Deploying an Image Maxes Our Bandwidth. HELP!



  • We have a dedicated server and when we set up a deployment onto a machine, it’s EXTREMELY slow (80MB/min) AND it maxes out our network.

    Installed it on a Linux Mint 13 standalone server:
    Here are the settings FOG will use:
    Distro: Ubuntu
    Installation Type: Normal Server
    Server IP Address: 10.52.1.69
    DHCP router Address:
    DHCP DNS Address:
    Interface: eth2
    Using FOG DHCP: 0
    Internationalization: 0

    We have a Windows 2008 R2 server running AD and DHCP. Please tell me I just missed an obvious setting. I’d really like to get this going. The FOG Logs aren’t showing any errors in the WebUI. I know it’s FOG that is causing the bandwidth spike… I just don’t understand why it’s trying to communicate with something outside our network.

    Any help would be appreciated! Thanks



  • djm79, I will try that and it IS using the internet for some reason (the client machine). I have a real-time bandwidth monitor and as soon as the deployment begins the graph spikes (pretty much triples) and begins using 21Mb/s with the client’s IP being the culprit. [B]I’ve only tried imaging from the same location (my office)[/B]. [B]Network misconfiguration? [/B]I’ll try at another location and/or hook the client & server directly to a switch and go from there.

    We’re calling the company we outsourced running the wires and installed the switches in the buildings to see if they would know of any reason before I get my hands dirty into uncharted territory.

    chad, I know! It’s killing me not knowing why this is happening pulls and handful of hair out.

    Thanks for all the help - I’ll report back with my solution as soon as I find out the problem. Thanks again guys.


  • Moderator

    Imaging a client (upload to server or download to client) should have no impact on your INTERNET bandwidth unless you are going over a VPN tunnel through your public interface or you have a misconfiguration in your network.

    FOG consists of TFTP during PXE, NFS mounts and transfers during upload and download, and FTP transfers between storage nodes. None of that goes out to get anything from the internet.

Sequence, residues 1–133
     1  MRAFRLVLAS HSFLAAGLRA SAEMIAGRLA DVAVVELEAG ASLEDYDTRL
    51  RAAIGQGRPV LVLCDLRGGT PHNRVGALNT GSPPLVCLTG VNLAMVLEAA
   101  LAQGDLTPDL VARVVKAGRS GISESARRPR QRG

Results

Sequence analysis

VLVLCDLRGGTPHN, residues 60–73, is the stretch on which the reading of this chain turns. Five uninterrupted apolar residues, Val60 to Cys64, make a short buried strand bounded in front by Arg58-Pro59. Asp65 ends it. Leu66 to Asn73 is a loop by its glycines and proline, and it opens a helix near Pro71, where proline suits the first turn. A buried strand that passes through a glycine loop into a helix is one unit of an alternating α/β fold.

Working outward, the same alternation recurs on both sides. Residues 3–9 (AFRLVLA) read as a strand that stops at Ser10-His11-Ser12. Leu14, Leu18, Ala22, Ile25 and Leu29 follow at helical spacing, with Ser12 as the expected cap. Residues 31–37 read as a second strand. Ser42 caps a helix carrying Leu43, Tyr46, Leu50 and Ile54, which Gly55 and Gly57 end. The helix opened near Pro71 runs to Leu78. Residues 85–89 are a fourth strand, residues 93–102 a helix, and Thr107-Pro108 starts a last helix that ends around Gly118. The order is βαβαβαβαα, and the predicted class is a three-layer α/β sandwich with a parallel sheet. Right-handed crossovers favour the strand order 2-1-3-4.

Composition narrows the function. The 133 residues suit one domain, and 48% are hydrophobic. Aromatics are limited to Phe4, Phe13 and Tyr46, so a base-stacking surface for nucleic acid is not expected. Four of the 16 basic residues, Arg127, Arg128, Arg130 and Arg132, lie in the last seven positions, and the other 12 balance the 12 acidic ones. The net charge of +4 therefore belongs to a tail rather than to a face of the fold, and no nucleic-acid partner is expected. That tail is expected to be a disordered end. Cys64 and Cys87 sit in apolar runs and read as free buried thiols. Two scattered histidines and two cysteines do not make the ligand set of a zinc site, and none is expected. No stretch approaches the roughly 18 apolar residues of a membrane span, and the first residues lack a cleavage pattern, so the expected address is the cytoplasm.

• Is it all from the same location or all over your network?



  • Have you tried another client machine as a test? Can you run the imaging from the same switch that the FOG server is plugged into? I would start from there and work my way back to the switch you are using for the client computer. Also check on the switch that the client machine is plugged into that you are not having a duplexing problem IE its full duplex on both side meaning at the switch and the client computer.



  • Just more info:

    We’re unicasting.
    It happens with every model of computer we’ve tried (we’ve tried 4 different ones, 3 dells & an HP)



  • I ran the command and it seems that the machine that we’re deploying to was getting traffic to it at 8mb/s from the FOG Server. I was monitoring our network filter and it showed 100% bandwidth INTERNET traffic being used by the CLIENT computer (the computer we’re trying to image)… makes no sense. I’m stumped.



  • I have been tracking a problem similar to this. It ended up that one switch to the IT floor only had a 100 meg uplink where all the rest have 1 gig uplinks so when I swapped over to another switch boom 1.5 gig deploy speed and 1 gig uploads. I ended up jumping a gig port from our distro switch to our prep room where I setup a cheap D-link gig switch for our help desk to image machines. The Prep room is now getting 2.5 down and 1.5 up.

    I thought it was something with FOG. I original set FOG up in VMware and thought our new SAN was crapping out from the I/O from imaging. But I then set up a physical server and it was the same result. I started from the VMware rack plugging in and testing download speeds.

    You can down load iftop to the linux box and run it from the terminal and point it to your network interface and it will show you what its doing.

    run sudo apt-get install iftop from the terminal

    then sudo iftop -i eth2 it should output the current connections and the amount of the link that each is using.


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